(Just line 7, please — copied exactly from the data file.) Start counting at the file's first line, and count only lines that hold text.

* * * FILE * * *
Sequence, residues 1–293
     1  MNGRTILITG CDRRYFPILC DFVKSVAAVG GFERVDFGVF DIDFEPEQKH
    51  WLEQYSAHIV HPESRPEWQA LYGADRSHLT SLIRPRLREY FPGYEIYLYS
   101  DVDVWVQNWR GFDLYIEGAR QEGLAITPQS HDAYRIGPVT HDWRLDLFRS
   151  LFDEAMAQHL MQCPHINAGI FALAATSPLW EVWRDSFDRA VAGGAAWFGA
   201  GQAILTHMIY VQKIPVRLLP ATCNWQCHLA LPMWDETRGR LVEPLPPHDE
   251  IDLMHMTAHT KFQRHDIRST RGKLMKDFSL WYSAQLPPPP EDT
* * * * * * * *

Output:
   251  IDLMHMTAHT KFQRHDIRST RGKLMKDFSL WYSAQLPPPP EDT